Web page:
Changzhou

Temple ofthe Beginning of Blissful Happiness (Kaifu Si)

This temple in Kaifu Si Street was erected in 907. After repeated acts of destruction overthe centuries the major buildings have now been restored. The complex includes the Halls of Sansheng Dian and Pilu Dian, as well as the Hall of the Great Buddha (Daxiong Badian) which was rebuilt in 1923. The temple houses two inscribed stone tablets dating from the 17th and 19th c.

Han Graves in Mawangdui (Mawangdui Hanmu)

The three Han Graves, 4km/2% miles north-east of the town, came to light during excavations carried out between 1972 and 1974. They belonged to a noble family who lived at the beginning of the Western Han dynasty (206-24 B.C.).

The first tomb, that of the wife of Prince Li Cang, held a completely preserved mummy together with rich grave-goods which are now housed in the provincial museum in Changsha; these included inscriptions and paintings on silk, books written on bamboo leaves, lacquered objects and silken textiles. The other two graves were for the Prince and his son.

The house where Mao Zedong (Tse-tung) was born in 1893, the son of a well-to-do farmer, and where he lived until 1910, stands in the village of Shaoshan, 100km/60 miles from Changsha. In 1912 Mao moved to Changsha in order to attend the college there.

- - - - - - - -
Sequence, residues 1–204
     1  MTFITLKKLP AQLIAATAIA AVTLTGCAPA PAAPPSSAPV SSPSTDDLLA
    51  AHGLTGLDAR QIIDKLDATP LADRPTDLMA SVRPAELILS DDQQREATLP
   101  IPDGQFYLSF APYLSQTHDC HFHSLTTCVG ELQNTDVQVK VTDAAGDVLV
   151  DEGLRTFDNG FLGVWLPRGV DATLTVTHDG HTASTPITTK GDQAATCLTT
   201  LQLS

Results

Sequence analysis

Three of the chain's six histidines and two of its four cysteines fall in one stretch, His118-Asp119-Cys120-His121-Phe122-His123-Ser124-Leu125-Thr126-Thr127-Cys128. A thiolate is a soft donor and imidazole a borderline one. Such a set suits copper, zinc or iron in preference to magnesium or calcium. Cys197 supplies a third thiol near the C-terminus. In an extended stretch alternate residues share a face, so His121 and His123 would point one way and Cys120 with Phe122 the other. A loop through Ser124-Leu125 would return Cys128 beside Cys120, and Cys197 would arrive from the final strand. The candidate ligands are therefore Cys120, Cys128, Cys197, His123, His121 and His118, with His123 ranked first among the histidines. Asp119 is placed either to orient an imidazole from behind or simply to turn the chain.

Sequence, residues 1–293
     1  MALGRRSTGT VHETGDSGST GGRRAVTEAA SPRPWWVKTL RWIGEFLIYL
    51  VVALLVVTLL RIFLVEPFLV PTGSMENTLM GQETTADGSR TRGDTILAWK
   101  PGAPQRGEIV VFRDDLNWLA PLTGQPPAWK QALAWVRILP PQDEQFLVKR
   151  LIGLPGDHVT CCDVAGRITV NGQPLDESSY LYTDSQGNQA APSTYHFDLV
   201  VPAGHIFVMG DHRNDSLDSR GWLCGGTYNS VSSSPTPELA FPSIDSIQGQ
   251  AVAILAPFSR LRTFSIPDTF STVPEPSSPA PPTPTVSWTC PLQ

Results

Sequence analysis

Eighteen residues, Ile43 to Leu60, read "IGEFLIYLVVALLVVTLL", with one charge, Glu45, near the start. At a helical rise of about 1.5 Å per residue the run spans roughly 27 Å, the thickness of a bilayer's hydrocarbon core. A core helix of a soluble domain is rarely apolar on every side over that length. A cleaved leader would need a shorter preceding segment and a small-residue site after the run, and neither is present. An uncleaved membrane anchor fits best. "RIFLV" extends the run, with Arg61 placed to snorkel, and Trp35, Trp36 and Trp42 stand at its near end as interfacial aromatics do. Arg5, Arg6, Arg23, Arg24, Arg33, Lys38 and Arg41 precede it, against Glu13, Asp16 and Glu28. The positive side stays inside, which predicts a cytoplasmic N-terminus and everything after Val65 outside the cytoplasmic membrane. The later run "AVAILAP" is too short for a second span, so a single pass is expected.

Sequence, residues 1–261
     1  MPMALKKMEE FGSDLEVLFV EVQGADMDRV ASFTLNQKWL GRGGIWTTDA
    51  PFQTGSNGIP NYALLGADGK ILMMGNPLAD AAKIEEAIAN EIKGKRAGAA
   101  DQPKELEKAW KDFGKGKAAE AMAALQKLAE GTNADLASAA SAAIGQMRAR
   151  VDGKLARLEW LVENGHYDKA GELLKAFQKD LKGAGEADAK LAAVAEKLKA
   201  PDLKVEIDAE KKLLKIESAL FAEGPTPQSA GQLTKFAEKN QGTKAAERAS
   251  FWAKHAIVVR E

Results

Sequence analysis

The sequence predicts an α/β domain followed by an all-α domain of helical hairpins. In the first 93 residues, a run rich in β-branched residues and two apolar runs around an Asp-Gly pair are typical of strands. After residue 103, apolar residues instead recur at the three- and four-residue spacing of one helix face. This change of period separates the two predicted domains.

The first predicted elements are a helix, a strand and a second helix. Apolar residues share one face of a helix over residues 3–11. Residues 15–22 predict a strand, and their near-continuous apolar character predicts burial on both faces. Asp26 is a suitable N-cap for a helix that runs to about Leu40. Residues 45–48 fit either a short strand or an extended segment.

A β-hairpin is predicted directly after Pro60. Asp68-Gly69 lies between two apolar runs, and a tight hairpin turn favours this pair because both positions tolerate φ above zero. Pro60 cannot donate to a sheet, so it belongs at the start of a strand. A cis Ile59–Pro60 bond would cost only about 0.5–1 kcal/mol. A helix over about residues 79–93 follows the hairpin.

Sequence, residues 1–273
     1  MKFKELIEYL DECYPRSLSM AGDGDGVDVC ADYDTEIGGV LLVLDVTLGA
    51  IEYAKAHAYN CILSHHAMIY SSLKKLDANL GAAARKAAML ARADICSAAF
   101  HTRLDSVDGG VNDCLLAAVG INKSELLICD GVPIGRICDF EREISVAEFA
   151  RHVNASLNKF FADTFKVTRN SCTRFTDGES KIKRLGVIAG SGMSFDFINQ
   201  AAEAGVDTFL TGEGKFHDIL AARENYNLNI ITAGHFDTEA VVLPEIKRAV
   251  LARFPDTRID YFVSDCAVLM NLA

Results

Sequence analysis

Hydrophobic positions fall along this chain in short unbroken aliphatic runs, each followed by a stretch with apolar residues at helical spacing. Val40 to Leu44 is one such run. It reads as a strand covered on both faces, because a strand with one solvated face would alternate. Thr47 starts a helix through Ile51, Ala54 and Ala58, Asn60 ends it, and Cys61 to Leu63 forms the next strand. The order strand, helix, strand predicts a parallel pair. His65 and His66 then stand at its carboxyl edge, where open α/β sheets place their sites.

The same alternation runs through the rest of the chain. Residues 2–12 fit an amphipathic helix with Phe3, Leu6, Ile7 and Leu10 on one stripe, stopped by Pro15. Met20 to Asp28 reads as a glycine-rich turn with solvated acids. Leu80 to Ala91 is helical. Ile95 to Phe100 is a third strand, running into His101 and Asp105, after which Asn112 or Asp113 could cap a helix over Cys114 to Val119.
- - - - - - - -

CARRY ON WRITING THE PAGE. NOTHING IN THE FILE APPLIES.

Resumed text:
Built in typical Hunan style, the house was made into a museum in 1964. On display are personal items owned by the young Mao together with photos from his revolutionary period.

The town has been in existence for more than 2500 years. Thanks to its situation on the Grand Canal -the extremely important transportation and trade route which was first constructed in the 5th c. b.c. and has been extended several times since – Changzhou has enjoyed periods of rapid and thriving expansion.

Today it is one of the major industrial towns in Jiangsu province, especially in the spheres of food production, textiles and machinery.